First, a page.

Objective: Detecting deformities and irregularities that might have appeared during the cutting and shaping processes.

On common sheet metal parts, two types of edges are mostly present: sharp edges and hemmed edges.


An employee with a black shirt in a workshop using a HandySCAN 3D|BLACK to scan a stamped metal part with sharp and hemmed edges.

Sharp Edges

Sharp edges are mostly found on sheet metal parts that are laser-cut or stamped with a punch tool or die.

Hemmed Edges

Rather than sharp edges coming from stamping or laser cutting, hemmed edges present a rounded shape found in places prone to injuries, such as the contour of a car door.

In the process of stamping and laser cutting sheet metal, certain edges of circles, oblongs, or part sides can become very sharp, which can be dangerous and cause injury or damage if left untreated. Therefore, it is necessary to deburr these edges to break their sharpness and straightness.

To ensure that the edges, both hemmed and sharp, are safe and of high quality, manufacturers must accurately inspect their position, angle, and straightness. To achieve this, special algorithms have been developed and contribute to improving sheet metal manufacturing processes.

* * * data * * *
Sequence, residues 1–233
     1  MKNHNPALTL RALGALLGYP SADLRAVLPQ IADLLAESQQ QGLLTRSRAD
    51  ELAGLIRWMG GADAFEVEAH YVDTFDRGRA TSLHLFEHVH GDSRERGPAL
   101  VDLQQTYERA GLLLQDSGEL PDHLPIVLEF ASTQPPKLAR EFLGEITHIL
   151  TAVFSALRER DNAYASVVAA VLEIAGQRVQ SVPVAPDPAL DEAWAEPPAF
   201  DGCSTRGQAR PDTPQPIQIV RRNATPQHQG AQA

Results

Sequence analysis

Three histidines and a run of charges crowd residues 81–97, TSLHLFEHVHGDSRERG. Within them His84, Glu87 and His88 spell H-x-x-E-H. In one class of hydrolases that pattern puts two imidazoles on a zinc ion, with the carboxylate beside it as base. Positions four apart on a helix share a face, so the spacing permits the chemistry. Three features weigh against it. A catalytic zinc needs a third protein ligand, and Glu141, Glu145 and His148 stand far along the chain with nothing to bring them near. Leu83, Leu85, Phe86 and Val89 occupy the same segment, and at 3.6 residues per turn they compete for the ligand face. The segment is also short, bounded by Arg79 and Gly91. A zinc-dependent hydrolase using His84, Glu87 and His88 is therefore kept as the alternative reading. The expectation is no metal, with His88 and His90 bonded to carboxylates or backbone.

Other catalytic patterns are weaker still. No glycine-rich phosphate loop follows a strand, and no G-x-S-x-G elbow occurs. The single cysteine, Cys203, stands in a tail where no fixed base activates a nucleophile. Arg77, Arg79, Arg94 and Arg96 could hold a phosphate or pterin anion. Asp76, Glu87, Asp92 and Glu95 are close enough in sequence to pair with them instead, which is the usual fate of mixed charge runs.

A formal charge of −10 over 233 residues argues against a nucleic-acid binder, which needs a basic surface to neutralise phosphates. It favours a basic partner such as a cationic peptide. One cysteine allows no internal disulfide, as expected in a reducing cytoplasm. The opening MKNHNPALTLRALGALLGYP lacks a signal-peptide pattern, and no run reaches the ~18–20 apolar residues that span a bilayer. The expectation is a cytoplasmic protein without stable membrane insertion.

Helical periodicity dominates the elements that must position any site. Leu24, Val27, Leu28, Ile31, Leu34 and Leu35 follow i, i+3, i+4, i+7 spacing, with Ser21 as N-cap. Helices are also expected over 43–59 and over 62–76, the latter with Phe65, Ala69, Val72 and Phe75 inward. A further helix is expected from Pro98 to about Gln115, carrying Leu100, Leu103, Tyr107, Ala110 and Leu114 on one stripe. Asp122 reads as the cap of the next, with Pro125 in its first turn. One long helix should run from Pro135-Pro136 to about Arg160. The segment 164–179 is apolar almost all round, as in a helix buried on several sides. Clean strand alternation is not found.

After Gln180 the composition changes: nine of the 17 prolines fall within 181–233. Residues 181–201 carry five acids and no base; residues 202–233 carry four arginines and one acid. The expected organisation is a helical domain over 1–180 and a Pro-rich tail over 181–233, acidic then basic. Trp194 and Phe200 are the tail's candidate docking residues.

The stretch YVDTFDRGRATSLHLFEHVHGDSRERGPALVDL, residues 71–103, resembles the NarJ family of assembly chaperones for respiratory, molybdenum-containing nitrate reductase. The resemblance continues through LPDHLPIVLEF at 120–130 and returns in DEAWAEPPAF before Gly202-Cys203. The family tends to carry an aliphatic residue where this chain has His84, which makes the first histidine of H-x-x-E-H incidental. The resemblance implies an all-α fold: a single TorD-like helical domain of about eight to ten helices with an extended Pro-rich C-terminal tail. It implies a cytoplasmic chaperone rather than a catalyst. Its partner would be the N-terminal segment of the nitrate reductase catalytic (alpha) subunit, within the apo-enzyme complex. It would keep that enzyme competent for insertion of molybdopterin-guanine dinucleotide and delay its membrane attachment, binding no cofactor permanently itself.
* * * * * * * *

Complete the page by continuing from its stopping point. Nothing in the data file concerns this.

Learn more about VXinspect’s Edge method, designed specifically for sheet metal edges

More Areas to Control on Sheet Metal

Holes, Oblongs, and Cut-Outs: Precision is key for holes, oblongs, and cut-outs in sheet metal parts, as they often need to align with other components. Inspecting these features ensures they are the correct size and properly positioned.

Flanges and Tabs: Flanges and tabs are critical for the assembly process. Their dimensions and angles must be precise for proper fitment with other automotive parts.

In short, when inspecting these key areas, you can ensure that sheet metal parts are manufactured to the correct dimensions and tolerance. You also confirm that they are the closest to the nominal design, and interference risks are mitigated. With no physical or functional interference, all parts fit together seamlessly and function as intended in the final assembly. As a result, quality, safety, and comfort are optimized.


Two employees wearing yellow safety vests in a workshop using the MetraSCAN 3D|BLACK to measure a large stamped metal car part in a jig setup in front of the C-track and a laptop displaying the scanned data while another part is in a separate jig in the background.

Which Sheet Metal Parts Are More Challenging to Inspect

Certain parts pose more inspection challenges than others. Here are a few examples.